In an effort to improve its battered security reputation, Microsoft is subjecting elements of its loosely defined .Net Framework to unprecedented levels of scrutiny.
In an effort to improve its battered security reputation, Microsoft Corp. is subjecting elements of its loosely defined .Net Framework to unprecedented levels of scrutiny.
While early indications are that the Redmond, Wash., software maker is moving in the right direction, the code review and other radical elements of the companys new security strategy are not winning over skeptics.
Although Microsofts security strategy for its .Net platform is still evolving,
a key ingredient down the road could be a version of the Windows Update service that would find new patches and alert administrators when theyre available. Although unpatched systems have led to some of the biggest security problems to hit the Internet this year, Microsoft officials say the service will not utilize "push" technology, but will instead rely on administrators to test and install the patches.
"There is no way we would adopt a push technology for updates," said Paul Schmehl, supervisor of support services at the University of Texas at Dallas, which is a major Microsoft customer. "No admin worth their salt is ever going to roll out changes to a production environment without first testing them to see what impact they would have."
"The answer [as to whether we would use the patch service] is most probably no," said a security specialist at a large East Coast financial services company. "Basically it would be automatically connecting through our firewall, which is a major security breach. It would have to have a listening port open."
While Microsoft officials understand such concerns, the company has been battered over the past year or so by security problems in its software, including several holes in its IIS (Internet Information Services) Web server, which enabled the Code Red and Nimda worms to spread rapidly.
At the time of those attacks, however, patches for the IIS holes had been available for several months, a fact that frustrated and angered Microsoft security staffers who bore the brunt of the blame for the worms.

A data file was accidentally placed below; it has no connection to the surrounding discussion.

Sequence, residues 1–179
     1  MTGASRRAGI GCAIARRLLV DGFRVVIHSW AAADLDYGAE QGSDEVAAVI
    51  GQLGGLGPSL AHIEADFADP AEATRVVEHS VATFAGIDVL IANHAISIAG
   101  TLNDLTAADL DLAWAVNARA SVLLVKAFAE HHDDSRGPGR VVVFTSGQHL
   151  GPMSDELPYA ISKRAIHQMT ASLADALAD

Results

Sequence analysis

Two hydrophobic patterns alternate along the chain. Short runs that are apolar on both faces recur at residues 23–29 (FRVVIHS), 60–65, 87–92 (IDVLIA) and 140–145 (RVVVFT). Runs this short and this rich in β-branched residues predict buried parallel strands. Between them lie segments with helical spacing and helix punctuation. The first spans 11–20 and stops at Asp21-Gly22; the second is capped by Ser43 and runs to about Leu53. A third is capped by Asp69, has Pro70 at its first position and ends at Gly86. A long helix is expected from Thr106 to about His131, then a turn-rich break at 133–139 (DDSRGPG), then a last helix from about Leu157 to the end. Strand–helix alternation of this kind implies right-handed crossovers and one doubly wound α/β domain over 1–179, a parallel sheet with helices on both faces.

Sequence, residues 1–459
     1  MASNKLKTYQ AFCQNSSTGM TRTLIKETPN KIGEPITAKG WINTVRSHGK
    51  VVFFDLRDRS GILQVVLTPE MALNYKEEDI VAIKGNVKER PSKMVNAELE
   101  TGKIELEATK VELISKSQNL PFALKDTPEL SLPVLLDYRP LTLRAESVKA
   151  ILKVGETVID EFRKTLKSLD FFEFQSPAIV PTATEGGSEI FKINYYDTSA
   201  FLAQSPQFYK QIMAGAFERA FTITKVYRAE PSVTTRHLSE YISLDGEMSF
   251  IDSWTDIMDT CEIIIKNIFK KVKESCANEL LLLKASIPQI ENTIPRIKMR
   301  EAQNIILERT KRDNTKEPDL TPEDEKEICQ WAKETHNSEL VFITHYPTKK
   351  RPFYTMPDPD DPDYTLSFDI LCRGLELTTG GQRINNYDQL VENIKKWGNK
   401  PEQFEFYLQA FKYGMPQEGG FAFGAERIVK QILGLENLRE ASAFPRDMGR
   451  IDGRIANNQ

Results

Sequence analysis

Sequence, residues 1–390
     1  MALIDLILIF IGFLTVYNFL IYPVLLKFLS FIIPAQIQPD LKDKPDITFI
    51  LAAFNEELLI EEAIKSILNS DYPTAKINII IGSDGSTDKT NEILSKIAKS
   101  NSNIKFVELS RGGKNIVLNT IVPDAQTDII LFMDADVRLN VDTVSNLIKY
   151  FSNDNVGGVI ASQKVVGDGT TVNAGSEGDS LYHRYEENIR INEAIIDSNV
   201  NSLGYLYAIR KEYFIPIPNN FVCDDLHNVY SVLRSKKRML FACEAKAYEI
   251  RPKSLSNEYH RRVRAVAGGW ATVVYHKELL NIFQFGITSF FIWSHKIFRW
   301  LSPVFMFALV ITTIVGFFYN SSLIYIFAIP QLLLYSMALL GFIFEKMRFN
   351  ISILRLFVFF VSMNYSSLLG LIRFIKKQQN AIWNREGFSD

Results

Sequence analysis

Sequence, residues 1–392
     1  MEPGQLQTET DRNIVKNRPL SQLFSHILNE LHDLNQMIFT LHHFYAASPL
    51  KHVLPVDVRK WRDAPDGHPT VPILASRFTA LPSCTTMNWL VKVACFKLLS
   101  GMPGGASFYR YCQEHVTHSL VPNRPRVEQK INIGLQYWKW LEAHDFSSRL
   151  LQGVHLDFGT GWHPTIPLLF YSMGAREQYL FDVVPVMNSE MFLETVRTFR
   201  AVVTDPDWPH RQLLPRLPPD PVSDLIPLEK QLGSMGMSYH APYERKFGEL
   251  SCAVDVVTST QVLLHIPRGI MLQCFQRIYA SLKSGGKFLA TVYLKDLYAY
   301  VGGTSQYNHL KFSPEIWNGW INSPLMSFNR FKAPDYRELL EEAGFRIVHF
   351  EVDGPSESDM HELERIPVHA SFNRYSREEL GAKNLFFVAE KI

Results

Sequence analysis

As a result, the software maker is trying everything it can to get patches into administrators hands as quickly as possible, officials said.
"A lot of the problems [such as Code Red and Nimda] were situations where the patch was available, and were trying to work with administrators," said Mike Kass, product manager for the .Net Framework.
That attitude has not won Microsoft many fans in the security world.
"[That statement] would have to include Microsoft admins, since theyve been bitten by the same bugs that everyone else has," UTDs Schmehl said. "The vast majority of admins are conscientious and are working hard to stay current on patches."
Under the hood of .Net, Microsoft has included several other security components. One element is the so-called code access security, an enforcement engine that prevents assembly code from exceeding its granted permissions.
.Net also relies heavily on role-based security methods, including Passport authentication, Windows authentication, and file and URL authorization.
Microsoft can ill afford to miss the mark with its security plan for .Net. Company officials have made it clear that Web services are the future of the software industry, and CEO Steve Ballmer and Chairman Bill Gates have said .Net is a "bet-the-company" move.
"[Microsoft] has gotten so much bad publicity from worms and viruses that theyve decided to go the other direction completely," said one systems administrator who requested anonymity. "Theyre going to be criticized for whatever they do, but I dont think what theyre doing will be enough."
To help minimize security vulnerabilities in .Net, Microsoft over the past year has submitted the .Net code to an intensive security review by Foundstone Inc., a company based in Irvine, Calif., that is known for penetration and application testing.
Foundstones staff did have some success compromising .Net as well as some of the reference applications they tested, but the company gave Microsoft high marks for the overall security of the code.
The few areas where Foundstone found potential problems with .Nets security involve the platforms interaction with outside applications. For example, the company warns developers to avoid "unmanaged code," or code that runs outside of .Net Common Language Runtime, because it operates outside of the platforms security framework.
Despite Microsofts assurances that it has made security an integral part of the .Net development process, some potential users say it is clear from the companys actions that that is not the case.
"Rather than make security a design point at the beginning, Microsoft is trying to add it in as an afterthought," said David Moskowitz, CTO of Productivity Solutions Inc. in Bala Cynwyd, Pa. "That is somewhat like trying to retrofit cars made in 1987 with airbags--possible to do, but they will not function with anything near the reliability of cars that come with airbags. From the outside looking in, evidence that Microsoft started with this fundamental approach [of integrated security] is lacking."